Limited liability partnerships
Limited liability partnerships (LLPs) are similar to ordinary partnerships from a tax perspective, but similar to companies from a legal perspective since the partners’ liability is limited to the amount of money they invest in the business.
You can incorporate an LLP to run a business with two or more members. A member can be an individual or a company; the latter’s known as a ‘corporate member’.
An LLP agreement will set out the members’ responsibilities and share of the profits. Exactly like ordinary partnerships, each member pays income tax and NICs on their share of the profits, but they are not personally liable for any debts the LLP incurs.
Like a limited company, an LLP must be registered at Companies House and with HMRC, while you will also have to arrange for the annual accounts to be prepared and filed on the public record.
If you choose to incorporate your business, you will probably go down the limited company route. Broadly speaking, this is a legal structure for a business in which the liability of each shareholder is limited to their own investment.
Limited companies are governed by rules and regulations in the Companies Act (2006), one of which means you must register with Companies House.
Private-sector companies are usually limited by shares which are distributed among its shareholders and are not traded on public stock markets.
Companies pay corporation tax, currently at 19%, on any taxable profit they make during their accounting period. The main rate of corporation tax is due to increase to 25% from 1 April 2023 for companies with annual profits in excess of £250,000 while the 19% rate will remain from that date only for those companies with annual profits of up to £50,000 with a sliding scale rate applying on profits in between. Depending on how you decide to pay yourself, taxes on income, dividends and NICs can all come into play for you personally.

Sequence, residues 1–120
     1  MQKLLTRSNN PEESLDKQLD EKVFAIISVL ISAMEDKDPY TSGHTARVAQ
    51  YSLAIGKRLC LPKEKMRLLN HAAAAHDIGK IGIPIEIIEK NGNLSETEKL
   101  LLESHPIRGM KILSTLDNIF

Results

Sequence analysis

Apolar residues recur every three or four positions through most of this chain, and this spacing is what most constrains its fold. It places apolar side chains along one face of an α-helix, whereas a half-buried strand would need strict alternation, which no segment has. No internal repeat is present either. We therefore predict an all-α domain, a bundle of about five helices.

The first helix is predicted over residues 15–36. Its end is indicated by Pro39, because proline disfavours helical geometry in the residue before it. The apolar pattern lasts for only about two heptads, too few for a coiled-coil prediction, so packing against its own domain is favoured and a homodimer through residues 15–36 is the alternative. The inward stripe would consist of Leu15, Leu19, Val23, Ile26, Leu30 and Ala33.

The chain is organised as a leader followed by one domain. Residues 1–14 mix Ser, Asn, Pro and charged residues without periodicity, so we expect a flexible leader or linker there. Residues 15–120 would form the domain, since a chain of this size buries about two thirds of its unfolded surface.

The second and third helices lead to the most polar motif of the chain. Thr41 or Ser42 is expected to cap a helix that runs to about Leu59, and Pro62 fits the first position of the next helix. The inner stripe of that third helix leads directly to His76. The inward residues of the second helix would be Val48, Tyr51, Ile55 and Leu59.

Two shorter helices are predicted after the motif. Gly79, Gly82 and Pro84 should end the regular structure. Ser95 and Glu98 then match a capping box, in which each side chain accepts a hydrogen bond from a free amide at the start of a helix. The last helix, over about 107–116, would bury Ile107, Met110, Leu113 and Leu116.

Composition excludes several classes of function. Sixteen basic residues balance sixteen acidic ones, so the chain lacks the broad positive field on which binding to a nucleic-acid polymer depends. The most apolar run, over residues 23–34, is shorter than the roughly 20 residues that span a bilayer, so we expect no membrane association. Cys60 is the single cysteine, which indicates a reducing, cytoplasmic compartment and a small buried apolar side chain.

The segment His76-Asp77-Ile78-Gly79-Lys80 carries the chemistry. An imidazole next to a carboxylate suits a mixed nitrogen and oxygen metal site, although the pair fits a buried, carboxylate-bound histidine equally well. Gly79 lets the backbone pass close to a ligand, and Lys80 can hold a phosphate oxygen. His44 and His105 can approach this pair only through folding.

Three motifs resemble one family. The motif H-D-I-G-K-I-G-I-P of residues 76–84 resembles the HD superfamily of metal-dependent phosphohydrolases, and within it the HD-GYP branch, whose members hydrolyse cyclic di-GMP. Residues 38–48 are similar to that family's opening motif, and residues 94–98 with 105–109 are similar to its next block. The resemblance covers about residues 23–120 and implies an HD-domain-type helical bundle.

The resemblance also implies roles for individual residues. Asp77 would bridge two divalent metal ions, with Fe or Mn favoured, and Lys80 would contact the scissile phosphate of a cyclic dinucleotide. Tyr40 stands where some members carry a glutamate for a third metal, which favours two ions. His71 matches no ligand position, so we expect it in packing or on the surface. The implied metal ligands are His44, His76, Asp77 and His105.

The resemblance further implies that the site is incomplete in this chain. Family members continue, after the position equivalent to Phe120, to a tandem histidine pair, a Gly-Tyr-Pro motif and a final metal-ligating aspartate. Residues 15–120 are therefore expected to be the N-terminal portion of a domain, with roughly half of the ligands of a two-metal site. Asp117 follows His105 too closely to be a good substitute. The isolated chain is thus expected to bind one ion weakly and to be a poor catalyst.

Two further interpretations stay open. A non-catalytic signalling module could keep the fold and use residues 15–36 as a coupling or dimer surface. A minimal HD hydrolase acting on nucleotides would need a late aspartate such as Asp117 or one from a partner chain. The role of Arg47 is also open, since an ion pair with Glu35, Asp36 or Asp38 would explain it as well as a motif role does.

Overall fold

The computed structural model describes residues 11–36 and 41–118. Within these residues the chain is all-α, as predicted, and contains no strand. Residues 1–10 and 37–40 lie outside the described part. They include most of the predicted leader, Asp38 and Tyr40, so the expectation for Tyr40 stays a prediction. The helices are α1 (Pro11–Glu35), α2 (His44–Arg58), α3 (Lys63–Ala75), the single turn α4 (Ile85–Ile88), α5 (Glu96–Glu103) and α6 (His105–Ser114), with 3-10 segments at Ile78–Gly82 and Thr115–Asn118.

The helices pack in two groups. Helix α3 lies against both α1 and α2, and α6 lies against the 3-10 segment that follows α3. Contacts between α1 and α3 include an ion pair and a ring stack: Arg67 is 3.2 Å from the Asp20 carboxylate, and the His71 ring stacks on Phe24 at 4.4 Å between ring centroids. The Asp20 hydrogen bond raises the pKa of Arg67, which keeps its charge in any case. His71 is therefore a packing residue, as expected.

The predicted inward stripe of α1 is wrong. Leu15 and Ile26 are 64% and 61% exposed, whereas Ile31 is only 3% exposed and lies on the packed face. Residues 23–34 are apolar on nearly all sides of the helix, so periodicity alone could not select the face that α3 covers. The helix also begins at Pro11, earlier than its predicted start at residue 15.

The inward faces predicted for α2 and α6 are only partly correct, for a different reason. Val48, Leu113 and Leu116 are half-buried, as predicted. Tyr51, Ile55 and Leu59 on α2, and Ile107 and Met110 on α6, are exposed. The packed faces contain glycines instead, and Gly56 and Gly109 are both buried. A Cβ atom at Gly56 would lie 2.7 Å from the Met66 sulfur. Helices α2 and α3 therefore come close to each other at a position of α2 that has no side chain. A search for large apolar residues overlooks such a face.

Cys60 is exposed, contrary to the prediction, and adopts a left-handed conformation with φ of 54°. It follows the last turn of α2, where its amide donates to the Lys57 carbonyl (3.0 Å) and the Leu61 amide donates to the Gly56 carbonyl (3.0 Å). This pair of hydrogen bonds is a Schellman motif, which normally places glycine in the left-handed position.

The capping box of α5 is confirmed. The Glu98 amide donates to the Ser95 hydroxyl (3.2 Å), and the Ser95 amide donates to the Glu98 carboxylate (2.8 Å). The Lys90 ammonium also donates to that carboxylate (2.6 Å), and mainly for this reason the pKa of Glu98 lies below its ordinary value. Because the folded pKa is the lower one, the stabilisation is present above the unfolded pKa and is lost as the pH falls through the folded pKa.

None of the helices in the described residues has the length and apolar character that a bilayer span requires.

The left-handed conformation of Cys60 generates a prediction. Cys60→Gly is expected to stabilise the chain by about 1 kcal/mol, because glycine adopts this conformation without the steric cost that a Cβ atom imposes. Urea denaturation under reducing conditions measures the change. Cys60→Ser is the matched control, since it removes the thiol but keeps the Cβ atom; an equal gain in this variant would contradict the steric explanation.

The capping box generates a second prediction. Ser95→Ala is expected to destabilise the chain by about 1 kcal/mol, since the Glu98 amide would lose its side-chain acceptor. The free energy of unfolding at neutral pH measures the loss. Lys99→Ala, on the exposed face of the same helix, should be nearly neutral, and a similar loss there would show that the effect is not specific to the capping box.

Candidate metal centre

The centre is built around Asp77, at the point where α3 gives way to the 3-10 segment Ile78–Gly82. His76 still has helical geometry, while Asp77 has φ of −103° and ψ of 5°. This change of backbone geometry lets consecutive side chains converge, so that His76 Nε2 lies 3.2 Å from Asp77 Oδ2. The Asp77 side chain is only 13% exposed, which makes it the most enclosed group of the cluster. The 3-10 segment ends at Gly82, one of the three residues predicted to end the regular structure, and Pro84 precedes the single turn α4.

While the prospect of having limited liability will seem attractive, you will have more responsibilities than if you were to operate as a sole trader.
If you’re on a short-term contract or just trying out the world of freelancing, working through an umbrella company might be a suitable option.
An umbrella company sits between you (the contractor) and your end-clients, or agency if there’s one involved.
The umbrella company will employ you and be responsible for handling all of your employment taxes.
If you’re a contractor or freelancer, this offers peace of mind as the umbrella company pays your taxes and chases late payments from clients. It can also offer valuable benefits like sick pay and annual leave.
You simply do the work, fill in a timesheet, your end-client authorises it and invoices the umbrella company, who then deducts your taxes and its fee before paying you.
What’s the best option for you?
Being a sole trader offers the most control over your business and is both easy and cost-effective to set up. You will, however, be liable for any debts it racks up.
What can be said about sole traders also applies to partnerships, although with more than one person calling the shots in a partnership comes the potential for disagreements.
LLPs exhibit elements of a being in a business partnership and running a limited company. If you go down this route, you must start trading within a year of registering your LLP or face being struck off.
Limited companies offer you less personal financial exposure with the protection of limited liability and the flexibility to remunerate yourself in tax efficient ways. However, there can be significant set-up costs and your annual accounts and financial reports will be in the public domain.
Umbrella companies suit freelancers and contractors, and can ensure you stay on the right side of the off-payroll working rules more commonly known as IR35.
Get in touch to discuss your options.